Abstract: Before Bayh-Dole: Interactions between NIH Grantees and Pharmaceutical Firms from 1945 to 1962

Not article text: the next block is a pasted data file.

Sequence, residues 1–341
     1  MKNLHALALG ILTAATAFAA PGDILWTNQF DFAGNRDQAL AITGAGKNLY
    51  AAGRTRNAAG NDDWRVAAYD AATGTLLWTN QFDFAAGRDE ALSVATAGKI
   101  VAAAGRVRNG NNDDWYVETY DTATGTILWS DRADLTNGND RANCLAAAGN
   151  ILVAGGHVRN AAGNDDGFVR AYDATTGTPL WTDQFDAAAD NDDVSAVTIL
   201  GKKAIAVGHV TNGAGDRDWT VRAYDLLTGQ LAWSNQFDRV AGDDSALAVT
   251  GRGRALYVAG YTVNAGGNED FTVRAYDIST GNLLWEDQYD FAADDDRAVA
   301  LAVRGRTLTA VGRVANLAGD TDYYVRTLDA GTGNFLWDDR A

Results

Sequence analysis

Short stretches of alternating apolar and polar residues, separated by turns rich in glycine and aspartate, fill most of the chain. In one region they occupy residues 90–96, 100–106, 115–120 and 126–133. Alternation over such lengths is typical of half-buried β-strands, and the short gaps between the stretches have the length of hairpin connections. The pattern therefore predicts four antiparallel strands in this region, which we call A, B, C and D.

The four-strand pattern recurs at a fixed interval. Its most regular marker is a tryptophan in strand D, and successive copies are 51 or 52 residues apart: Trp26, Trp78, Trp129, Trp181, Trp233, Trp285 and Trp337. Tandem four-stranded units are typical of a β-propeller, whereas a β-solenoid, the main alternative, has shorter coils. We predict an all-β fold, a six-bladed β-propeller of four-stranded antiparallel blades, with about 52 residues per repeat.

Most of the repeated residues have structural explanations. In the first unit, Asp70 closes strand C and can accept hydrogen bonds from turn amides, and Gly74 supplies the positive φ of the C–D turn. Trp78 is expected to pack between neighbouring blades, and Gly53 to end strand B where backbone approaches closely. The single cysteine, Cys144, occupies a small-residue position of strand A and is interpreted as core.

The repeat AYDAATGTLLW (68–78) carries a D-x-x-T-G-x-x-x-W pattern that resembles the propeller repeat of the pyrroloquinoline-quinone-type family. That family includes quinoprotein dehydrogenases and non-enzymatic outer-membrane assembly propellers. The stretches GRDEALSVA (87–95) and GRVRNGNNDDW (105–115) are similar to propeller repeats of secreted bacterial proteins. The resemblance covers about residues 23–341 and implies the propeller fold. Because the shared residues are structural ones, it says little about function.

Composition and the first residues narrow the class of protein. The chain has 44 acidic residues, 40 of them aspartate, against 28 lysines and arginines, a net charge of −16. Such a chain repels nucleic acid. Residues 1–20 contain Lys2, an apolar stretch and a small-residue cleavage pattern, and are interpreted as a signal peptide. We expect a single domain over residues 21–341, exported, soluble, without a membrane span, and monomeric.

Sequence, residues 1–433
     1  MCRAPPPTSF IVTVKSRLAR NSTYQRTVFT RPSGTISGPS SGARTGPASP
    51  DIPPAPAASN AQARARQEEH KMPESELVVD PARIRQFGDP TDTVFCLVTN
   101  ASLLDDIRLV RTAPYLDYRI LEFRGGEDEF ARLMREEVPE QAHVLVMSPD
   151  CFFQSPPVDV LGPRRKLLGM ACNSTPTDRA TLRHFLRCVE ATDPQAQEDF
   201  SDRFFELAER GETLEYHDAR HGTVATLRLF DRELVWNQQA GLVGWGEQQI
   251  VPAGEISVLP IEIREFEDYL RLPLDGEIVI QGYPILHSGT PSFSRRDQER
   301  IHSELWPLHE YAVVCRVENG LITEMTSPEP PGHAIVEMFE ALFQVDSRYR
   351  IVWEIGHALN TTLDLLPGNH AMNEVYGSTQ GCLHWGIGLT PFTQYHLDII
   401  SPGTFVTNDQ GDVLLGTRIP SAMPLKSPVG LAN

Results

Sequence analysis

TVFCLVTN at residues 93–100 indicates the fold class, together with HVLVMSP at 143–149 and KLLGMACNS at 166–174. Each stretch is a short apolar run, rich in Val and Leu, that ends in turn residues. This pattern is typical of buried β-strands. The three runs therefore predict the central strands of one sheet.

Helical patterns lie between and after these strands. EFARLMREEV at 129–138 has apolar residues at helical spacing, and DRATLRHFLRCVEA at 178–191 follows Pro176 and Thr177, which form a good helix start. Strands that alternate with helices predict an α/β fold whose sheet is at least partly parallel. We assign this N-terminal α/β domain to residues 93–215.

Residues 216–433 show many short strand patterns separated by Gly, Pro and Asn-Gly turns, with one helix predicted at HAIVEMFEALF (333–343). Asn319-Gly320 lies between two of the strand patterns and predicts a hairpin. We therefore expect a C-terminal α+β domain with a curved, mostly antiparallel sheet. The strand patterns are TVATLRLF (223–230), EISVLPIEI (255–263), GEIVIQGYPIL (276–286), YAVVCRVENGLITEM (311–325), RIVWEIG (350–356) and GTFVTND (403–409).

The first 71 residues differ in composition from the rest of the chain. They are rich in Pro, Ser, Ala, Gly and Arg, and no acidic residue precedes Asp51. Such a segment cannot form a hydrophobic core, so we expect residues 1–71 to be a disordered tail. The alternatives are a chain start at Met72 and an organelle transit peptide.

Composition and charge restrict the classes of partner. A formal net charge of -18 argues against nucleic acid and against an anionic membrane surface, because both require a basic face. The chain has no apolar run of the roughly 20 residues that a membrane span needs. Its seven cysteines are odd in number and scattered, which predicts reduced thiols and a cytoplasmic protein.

Several sources argue that until 1962 pharmaceutical firms screened for biological activity the molecular compounds identified by NIH grantees, and did so for free and without any preliminary agreement over prospective patent rights. However, contemporary congressional debates concerning NIH patent policy suggest that the prospect of exclusive licenses over NIH-sponsored inventions was a necessary incentive for pharmaceutical firms to collaborate with NIH grantees. The evidence indicates that during the period 1945-1962 the Department of Health, Education and Welfare asserted only rarely its rights of ownership over NIH-sponsored inventions, which were for the most part dedicated to the public domain. Furthermore, the licenses granted on the few patented inventions were non-exclusive and royalty-free. This finding is consistent with existing literature, which suggests that leading pharmaceutical firms relied upon patents chiefly as a means to exclude from the markets for prescription drugs those firms that—having eschewed making large investments in R&D and marketing—could only produce patented drugs under license from innovative firms, or non-patented drugs. Accordingly, it is proposed that the demand for exclusivity terms on NIH-sponsored inventions emerged only after the growth of public biomedical research funding threatened to undermine the competitive structure of the industry.